|Case name||Iron Rhine Arbitration (Belgium/Netherlands)|
The Iron Rhine is a railway linking the port of Antwerp in Belgium to the Rhine basin in Germany via the Netherlands. Its origins lie in the 1839 Treaty of Separation (“1839 Treaty”) which conferred certain transit rights on Belgium. Following World War II, parts of the Iron Rhine gradually fell into disuse and during the 1990s the Netherlands took legal steps to designate nature reserves that lay across its route.
The Parties disagreed as to the allocation of costs and risks for works necessary for the long-term use of the railway. In particular, the Parties disagreed on the interpretation of Belgium's right of transit under the 1839 Treaty in light of subsequent developments, including environmental protection measures and the requirements of European law.
The Tribunal decided the case on the basis of written submissions as neither Party requested an oral hearing. The Tribunal ruled that Belgium had an obligation to fund the environmental element of the overall costs of the reactivation. In relation to those parts of the line where Iron Rhine trains and Netherlands trains would pass, the Netherlands was obliged to contribute to the total costs of reactivation, to the extent that those measures represented particular quantifiable benefits to the Netherlands. The Tribunal applied these principles to each segment of the proposed line.
On July 25, 2005 Belgium submitted three requests for interpretation of the Award. On September 20, 2005, after receiving comments from the Netherlands on each of those requests, the Tribunal issued its Interpretation of the Award of the Arbitral Tribunal.
|Name(s) of Claimant(s)|
|Name(s) of Respondent(s)|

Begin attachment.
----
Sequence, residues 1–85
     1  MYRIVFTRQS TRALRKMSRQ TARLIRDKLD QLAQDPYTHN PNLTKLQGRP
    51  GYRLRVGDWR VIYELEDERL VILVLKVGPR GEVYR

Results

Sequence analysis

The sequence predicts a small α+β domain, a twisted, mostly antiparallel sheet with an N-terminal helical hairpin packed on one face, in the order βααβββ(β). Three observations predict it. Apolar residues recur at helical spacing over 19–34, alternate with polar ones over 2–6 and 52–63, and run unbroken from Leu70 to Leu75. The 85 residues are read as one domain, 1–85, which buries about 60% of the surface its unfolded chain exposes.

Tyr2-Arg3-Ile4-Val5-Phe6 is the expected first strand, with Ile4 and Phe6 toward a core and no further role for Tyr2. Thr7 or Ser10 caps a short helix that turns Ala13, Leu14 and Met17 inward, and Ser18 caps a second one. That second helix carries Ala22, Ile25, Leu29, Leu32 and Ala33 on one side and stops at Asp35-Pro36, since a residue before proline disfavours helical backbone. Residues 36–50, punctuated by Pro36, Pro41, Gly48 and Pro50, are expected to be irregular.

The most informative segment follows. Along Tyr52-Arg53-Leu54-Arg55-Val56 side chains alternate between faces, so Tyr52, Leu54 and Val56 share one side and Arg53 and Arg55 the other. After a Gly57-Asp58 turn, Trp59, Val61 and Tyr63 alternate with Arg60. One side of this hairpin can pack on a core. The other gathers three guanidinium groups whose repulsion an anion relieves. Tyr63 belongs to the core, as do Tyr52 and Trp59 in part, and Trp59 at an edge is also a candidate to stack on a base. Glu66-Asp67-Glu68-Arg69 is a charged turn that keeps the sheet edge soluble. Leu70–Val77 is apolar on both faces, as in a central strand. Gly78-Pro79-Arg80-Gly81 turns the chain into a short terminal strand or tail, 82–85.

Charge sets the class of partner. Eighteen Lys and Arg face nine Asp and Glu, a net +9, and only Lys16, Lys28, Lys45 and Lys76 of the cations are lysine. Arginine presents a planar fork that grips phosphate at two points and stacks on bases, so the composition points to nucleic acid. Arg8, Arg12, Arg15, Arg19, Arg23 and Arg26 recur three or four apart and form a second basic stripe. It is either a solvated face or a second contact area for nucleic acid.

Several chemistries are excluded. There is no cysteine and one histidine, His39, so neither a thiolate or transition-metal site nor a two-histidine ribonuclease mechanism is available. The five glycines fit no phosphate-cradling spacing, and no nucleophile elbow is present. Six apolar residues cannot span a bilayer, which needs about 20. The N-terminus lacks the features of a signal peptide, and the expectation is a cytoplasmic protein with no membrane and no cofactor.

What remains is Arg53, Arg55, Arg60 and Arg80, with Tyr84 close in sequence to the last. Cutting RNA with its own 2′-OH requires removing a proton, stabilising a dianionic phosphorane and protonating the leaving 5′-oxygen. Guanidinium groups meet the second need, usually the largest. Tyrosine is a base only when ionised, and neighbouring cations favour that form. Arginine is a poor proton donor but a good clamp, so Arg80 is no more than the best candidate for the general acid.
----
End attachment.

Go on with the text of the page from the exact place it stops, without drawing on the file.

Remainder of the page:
|Names of Parties||
The Kingdom of Belgium ( State )
The Kingdom of the Netherlands ( State )
|Administering institution||Permanent Court of Arbitration (PCA)|
|Type of case||Inter-state arbitration|
|Subject matter or economic sector||Transportation and storage|
|Rules used in arbitral proceedings||Permanent Court of Arbitration Optional Rules for Arbitrating Disputes between Two States|
|Treaty or contract under which proceedings were commenced||
Compromis concluded by exchange of diplomatic notes dated July 22 and 23, 2003.
|Language of Proceeding||
|Seat of Arbitration (by Country)||Netherlands|
Judge Rosalyn Higgins (President)
Professor Guy Schrans
Judge Bruno Simma
Professor Alfred Soons
Judge Peter Tomka
|Representatives of the Claimant(s)|
|Representatives of the Respondent(s)|
|Representatives of the Parties||
KINGDOM OF BELGIUM
Mr. Jan Devadder
Counsel and Advocates
Mr. Nicolas Angelet, Avocat, Chargé de cours at the Université Libre de Bruxelles;
Mrs. Corinne Clavé, Researcher, Centre de droit International, Université Libre de Bruxelles
KINGDOM OF THE NETHERLANDS
Professor Johan G. Lammers
|Number of Arbitrators in case||5|
|Date of commencement of proceeding [dd-mm-yyyy]||23-07-2003|
|Date of issue of final award [dd-mm-yyyy]||24-05-2005|
|Length of Proceedings||1-2 years|
Award or other decision
Notice of Arbitration